Artificial Intelligence

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Description This chapter explains how artificial intelligence works in dermoscopy
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Status update August 25, 2023
Status by Ralph P. Braun

Introduction to computer assisted diagnosis

The early diagnosis of melanoma remains challenging.[1] Meta-analysis has demonstrated that the use of dermoscopy by trained users improves diagnostic accuracy for melanoma compared to naked-eye examination alone, mainly by increasing sensitivity.[2] [3] [4] As non-physicians detect the majority of melanomas[5] and population-based melanoma screening by clinicians is not currently recommended [6] outside of Germany, there is interest in the development of dermoscopy image analysis algorithms to aid laypersons or non-dermatology physicians in melanoma detection.[7] [8] [9] [10] [11]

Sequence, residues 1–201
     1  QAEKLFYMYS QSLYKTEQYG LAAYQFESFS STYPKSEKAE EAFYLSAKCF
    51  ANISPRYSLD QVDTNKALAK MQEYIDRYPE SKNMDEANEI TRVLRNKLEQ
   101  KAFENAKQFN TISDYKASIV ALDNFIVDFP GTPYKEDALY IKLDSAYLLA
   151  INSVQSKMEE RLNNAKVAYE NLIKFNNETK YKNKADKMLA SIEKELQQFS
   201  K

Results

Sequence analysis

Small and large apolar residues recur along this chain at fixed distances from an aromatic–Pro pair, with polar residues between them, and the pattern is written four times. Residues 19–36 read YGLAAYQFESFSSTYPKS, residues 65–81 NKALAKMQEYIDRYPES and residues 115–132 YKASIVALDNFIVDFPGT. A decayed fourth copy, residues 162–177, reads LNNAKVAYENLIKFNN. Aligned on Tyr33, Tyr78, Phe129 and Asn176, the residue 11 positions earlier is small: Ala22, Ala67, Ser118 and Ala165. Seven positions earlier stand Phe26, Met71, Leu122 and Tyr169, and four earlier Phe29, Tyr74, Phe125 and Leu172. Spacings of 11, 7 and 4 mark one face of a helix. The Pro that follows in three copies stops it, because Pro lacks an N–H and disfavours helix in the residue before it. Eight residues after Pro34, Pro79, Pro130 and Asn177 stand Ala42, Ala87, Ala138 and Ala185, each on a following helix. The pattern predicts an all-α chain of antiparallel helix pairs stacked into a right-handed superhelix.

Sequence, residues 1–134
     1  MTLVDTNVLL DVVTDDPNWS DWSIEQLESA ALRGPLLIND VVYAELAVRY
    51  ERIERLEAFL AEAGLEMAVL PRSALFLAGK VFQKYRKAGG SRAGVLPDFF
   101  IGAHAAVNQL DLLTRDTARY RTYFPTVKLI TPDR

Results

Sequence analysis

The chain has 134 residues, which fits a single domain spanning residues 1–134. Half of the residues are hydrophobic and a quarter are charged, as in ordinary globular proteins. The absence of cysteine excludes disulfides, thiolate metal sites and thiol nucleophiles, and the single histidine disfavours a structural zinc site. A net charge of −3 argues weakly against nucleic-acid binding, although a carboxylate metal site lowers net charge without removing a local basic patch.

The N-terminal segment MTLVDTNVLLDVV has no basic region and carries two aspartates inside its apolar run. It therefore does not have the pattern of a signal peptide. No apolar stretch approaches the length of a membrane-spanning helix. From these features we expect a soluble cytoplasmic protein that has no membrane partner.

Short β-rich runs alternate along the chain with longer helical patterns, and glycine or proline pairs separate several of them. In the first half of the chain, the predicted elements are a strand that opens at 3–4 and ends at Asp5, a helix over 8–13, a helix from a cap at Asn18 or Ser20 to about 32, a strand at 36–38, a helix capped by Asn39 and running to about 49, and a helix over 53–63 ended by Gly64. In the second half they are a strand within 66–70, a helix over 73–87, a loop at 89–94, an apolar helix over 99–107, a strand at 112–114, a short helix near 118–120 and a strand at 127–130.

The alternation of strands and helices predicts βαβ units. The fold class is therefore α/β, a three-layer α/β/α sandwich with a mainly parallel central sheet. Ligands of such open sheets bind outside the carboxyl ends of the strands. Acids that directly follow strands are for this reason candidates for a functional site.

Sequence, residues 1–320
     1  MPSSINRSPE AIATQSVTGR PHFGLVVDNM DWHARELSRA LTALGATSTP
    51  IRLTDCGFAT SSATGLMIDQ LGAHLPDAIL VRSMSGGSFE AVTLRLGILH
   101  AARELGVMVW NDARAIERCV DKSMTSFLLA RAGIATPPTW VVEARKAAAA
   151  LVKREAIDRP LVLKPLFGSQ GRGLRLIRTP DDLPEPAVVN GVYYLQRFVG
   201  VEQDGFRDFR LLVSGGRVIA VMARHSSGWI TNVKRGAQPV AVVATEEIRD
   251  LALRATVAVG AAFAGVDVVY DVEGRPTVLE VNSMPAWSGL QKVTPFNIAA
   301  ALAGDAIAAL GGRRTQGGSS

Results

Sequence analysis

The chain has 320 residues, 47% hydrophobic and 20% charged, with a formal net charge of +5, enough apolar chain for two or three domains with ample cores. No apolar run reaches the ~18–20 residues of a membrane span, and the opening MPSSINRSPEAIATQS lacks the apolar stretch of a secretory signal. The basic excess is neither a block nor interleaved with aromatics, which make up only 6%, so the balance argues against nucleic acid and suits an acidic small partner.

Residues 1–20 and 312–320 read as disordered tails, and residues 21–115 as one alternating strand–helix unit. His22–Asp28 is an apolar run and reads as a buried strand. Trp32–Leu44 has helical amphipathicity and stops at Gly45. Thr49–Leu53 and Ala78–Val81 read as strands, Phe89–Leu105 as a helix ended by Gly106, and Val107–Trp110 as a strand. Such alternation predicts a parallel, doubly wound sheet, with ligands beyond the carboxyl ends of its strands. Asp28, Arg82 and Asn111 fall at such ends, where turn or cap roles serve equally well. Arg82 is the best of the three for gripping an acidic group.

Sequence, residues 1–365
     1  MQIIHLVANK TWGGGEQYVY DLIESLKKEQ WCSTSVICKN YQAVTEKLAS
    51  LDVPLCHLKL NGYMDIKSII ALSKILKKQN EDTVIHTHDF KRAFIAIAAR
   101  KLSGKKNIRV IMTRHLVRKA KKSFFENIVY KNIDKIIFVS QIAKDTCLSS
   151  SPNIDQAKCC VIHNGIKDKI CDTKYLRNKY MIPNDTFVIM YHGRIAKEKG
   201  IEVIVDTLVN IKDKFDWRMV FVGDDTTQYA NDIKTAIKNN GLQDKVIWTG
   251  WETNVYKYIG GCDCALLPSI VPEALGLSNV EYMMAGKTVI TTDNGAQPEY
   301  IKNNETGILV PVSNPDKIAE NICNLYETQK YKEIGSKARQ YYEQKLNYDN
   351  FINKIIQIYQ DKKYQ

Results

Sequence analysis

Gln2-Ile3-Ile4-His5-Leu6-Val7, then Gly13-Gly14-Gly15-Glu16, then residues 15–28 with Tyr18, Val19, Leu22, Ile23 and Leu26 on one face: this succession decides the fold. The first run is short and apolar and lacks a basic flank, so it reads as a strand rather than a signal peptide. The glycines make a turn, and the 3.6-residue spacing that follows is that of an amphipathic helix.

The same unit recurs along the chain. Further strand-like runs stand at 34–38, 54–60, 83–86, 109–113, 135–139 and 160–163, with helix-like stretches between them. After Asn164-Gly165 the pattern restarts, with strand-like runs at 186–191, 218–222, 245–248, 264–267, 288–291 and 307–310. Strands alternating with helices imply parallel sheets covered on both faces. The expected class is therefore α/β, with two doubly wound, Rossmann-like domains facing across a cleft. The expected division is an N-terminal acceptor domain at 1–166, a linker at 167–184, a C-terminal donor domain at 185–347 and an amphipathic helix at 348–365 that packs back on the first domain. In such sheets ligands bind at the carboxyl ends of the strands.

There have been many efforts to train algorithms to diagnose melanoma.[12] [13] [14]

A recent landmark paper demonstrates the potential of ‘deep learning’ algorithms to aid in melanoma diagnosis.[15] In their study, the researchers used deep convolutional neural networks (CNNs) which they trained in a large dataset of clinical images and then compared against 21 dermatologists for the binary classification of keratinocyte carcinomas versus benign seborrheic keratoses; and malignant melanomas versus benign nevi, with the CNN achieving performance on par with all tested experts across both tasks, demonstrating an artificial intelligence capable of classifying skin cancer with a level of competence comparable to dermatologists. While the potential for computer assisted diagnosis is great, the lack of a large public dataset of validated skin images has limited the ability to directly compare the diagnostic performance of automated image analysis algorithms across studies and against clinicians. The ISIC Archive (link available on dermoscopedia menu bar) was created to address this need and has hosted consecutive international ‘Challenges’ that have engaged the broader computer science community.